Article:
Writer and reporter Kurt Andersen, in conjunction with Big Think, walked through the ways in which the United States has entered a kind of post-truth era.
In a video, the linguistic expert on President Donald Trump’s speaking style explained that people seem to be losing IQ points year after year and it’s all due to a slow decline in truth. In 2012, he explained that the Republican candidates that agreed in the scientific theory of evolution dropped to one-third of the field. By 2016, just one candidate, Jeb Bush, believed in science. Even Bush said that the cornerstone of biology shouldn’t be taught in schools, however, and if it was it should be taught along with the religious belief of Creationism.
Andersen explained that he doesn’t think the Republican Party is growing stupider each year, rather they’re fearful to challenge the chosen reality of their voters.
“I don’t think all of them disbelieve in evolution – some of them – but they were all obliged to say yes to falsehood and magical thinking of this religious kind, and that’s where it becomes problematic,” he said.
“America has always been a Christian nation,” Andersen quoted. “That had always meant a different thing one hundred years ago or even 50 years ago than it means today… Christian Protestant religion became extreme. It became more magical and supernatural in its beliefs in America than it has for hundreds of years or for any other place in the world.”
As the Protestant Christians became more extreme, the Republican Party was similarly becoming more extreme.
“So, one thing that has happened, and one thing that has led the Republican Party to fantasy and wishful untruth more and more into its approach to policy…are now in the Republican mainstream,” Andersen argued.
Things like a belief in a secret Muslim plot to overthrow the United States for Sharia Law, climate change being a Chinese hoax and even President Barack Obama is a secret Muslim and Donald Trump came to save America with the birther campaign, are all issues that are easy to believe if “fantasy and wishful untruths” are the norm. It makes it easier to accept conspiracy theories or fake news.
Anderson explained that he doesn’t care if people believe what they want to believe in private. However, when religious belief “bleeds over into how we manage and construct our economy and our society,” there’s a problem. It will cause lasting trouble for the country.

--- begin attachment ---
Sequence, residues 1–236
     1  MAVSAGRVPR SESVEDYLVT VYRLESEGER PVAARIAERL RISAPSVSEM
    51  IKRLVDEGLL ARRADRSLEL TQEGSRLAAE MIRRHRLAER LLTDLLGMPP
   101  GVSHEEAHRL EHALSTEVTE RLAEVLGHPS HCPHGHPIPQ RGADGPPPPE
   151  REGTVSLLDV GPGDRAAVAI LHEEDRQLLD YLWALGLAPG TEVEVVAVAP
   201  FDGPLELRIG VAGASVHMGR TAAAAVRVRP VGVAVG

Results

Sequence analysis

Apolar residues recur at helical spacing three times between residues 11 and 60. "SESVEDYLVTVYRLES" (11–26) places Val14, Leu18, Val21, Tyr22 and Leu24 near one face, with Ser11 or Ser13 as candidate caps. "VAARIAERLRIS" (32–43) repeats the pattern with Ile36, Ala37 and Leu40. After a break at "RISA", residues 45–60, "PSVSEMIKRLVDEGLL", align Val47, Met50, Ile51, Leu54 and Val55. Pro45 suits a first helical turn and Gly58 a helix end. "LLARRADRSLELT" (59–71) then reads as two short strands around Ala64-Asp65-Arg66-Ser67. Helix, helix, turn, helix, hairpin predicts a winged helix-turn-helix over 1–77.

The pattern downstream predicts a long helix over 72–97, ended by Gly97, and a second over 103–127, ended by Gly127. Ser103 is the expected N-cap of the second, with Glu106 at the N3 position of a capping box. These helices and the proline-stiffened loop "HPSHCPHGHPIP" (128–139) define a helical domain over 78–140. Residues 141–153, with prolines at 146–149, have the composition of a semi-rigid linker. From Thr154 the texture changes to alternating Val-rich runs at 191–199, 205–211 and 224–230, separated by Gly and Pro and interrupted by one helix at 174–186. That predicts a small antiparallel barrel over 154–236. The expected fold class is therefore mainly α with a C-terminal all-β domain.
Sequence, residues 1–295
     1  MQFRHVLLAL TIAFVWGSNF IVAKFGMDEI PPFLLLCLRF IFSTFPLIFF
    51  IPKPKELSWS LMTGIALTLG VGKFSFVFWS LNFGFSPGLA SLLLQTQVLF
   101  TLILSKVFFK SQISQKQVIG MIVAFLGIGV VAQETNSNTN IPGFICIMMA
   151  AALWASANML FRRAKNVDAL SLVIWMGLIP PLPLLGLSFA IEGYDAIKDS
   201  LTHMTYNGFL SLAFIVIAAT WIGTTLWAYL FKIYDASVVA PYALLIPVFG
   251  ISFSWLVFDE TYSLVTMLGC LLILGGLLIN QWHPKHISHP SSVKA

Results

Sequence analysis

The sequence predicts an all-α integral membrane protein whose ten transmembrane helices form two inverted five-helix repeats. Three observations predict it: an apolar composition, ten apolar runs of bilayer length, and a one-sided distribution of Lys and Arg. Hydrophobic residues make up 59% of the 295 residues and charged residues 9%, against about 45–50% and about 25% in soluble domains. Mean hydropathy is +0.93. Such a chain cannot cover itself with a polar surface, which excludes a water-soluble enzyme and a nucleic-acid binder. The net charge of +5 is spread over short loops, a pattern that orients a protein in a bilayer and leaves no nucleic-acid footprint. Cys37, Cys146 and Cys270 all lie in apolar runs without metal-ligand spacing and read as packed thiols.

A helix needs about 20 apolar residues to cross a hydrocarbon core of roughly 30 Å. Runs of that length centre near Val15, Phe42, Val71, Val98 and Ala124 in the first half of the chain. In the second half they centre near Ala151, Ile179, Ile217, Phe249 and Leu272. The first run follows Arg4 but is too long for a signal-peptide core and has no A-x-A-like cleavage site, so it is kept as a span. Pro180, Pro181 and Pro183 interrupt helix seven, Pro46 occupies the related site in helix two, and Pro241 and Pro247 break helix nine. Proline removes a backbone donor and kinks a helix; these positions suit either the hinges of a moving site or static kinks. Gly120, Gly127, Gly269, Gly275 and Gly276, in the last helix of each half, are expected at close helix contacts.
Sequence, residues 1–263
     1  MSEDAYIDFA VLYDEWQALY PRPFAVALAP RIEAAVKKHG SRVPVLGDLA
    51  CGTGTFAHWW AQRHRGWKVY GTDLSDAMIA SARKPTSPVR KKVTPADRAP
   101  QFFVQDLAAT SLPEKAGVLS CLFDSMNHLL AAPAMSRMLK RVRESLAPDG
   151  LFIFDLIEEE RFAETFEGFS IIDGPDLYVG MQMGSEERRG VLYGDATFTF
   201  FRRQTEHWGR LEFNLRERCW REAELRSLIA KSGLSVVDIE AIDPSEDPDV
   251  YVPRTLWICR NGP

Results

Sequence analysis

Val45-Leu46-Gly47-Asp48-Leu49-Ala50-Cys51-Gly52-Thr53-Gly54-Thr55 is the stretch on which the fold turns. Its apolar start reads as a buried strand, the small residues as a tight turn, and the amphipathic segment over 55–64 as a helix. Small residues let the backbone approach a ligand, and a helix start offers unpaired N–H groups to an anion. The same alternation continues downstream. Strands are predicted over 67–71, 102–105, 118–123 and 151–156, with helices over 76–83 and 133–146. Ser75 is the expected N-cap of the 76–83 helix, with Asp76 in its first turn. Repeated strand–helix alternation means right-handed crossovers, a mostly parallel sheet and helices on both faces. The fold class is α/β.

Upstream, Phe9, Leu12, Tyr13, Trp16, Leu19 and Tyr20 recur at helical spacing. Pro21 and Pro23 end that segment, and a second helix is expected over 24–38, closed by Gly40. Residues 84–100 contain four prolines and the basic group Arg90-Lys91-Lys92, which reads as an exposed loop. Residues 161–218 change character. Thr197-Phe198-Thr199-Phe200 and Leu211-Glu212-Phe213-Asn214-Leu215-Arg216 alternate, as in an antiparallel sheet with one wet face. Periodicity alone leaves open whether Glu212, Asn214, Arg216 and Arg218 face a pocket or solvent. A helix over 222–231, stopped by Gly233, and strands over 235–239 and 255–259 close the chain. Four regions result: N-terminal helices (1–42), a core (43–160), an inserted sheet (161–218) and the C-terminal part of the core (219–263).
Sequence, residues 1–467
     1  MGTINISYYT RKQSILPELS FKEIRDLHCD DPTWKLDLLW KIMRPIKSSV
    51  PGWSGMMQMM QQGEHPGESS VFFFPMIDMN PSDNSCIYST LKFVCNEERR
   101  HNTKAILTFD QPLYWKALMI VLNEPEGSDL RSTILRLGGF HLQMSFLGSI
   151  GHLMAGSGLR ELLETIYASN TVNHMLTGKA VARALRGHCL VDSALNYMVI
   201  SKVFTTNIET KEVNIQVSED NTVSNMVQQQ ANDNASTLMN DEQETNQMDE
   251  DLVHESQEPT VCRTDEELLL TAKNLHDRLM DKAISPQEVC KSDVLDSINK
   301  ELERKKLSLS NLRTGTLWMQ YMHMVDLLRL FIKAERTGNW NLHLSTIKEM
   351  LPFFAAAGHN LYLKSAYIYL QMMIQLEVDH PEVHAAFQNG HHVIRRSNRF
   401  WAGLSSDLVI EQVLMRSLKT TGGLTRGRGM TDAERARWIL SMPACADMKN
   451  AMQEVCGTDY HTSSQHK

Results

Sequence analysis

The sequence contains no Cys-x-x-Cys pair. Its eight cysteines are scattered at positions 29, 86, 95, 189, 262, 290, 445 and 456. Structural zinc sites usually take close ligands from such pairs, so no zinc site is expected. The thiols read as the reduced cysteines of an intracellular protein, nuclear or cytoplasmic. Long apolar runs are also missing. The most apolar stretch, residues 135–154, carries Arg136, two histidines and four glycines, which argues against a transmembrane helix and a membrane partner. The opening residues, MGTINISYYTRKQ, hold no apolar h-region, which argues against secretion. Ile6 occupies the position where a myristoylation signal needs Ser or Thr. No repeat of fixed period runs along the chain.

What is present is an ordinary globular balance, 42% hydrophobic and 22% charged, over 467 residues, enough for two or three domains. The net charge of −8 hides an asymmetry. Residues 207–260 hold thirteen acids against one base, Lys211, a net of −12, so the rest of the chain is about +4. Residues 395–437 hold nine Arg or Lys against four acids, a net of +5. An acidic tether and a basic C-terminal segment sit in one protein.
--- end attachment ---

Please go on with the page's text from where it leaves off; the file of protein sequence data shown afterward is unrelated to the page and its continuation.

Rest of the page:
Trump supporter blames Democrats for being targeted by the president: ‘Why is that racist?’
CNN interviewed a supporter of President Donald Trump in Eau Claire, Wisconsin who refused to acknowledge the racism in the president's "Go Back" attacks on four women of color in Congress.
The network interviewed Kerri Krumenauer of Wiersgalla Plumbing & Heating Company about Trump's attacks.
"How is it racist?" she asked.
"If you don't like this country, get out," she demanded. "Leave!"
She then showed how misinformed she was about the incident.
"He didn't use any names -- they stood up," she falsely claimed. In fact, Trump did use names and the targets did not stand up as they were not at his North Carolina campaign rally.
Here’s how Trump hopes to recreate his 2016 presidential win — and how Democrats can send him packing
Writing for CNN on Saturday, election forecaster Harry Enten explained how President Donald Trump's recent, racist behavior lies in his desire to recreate the same electoral conditions that gave him a victory in 2016 in the presidential election next year.
"The Trump strategy is pretty simple: 1. Drive up the unfavorable ratings of his Democratic rival as he did in 2016 in order to compensate for his own low ratings. 2. Bank on an electoral college/popular vote split as he did in 2016. 3. Use a campaign of racial resentment to drive up turnout even more among groups favorable toward the President," wrote Enten. As he noted, Democrats have excellent odds to flip back Michigan and Pennsylvania, but they will have to work harder to win back any of the other states Trump flipped from the 2012 Obama camp — in particular Wisconsin, which was the closest state after those two.
American, Italian and Russian blast off for ISS
US, Italian and Russian astronauts blasted into space Saturday, headed for the International Space Station, in a launch coinciding with the 50th anniversary of the Apollo 11 Moon landing.
Alexander Skvortsov of the Russian space agency Roscosmos, NASA's Andrew Morgan and Luca Parmitano of the European Space Agency set off on a six-hour journey to the orbiting science lab from the Baikonur Cosmodrome in Kazakhstan at 1628 GMT.
A NASA TV commentator hailed a "textbook launch" minutes after blastoff in "sweltering" weather in Baikonur, where daytime temperatures reached 43 degrees Celsius on Saturday.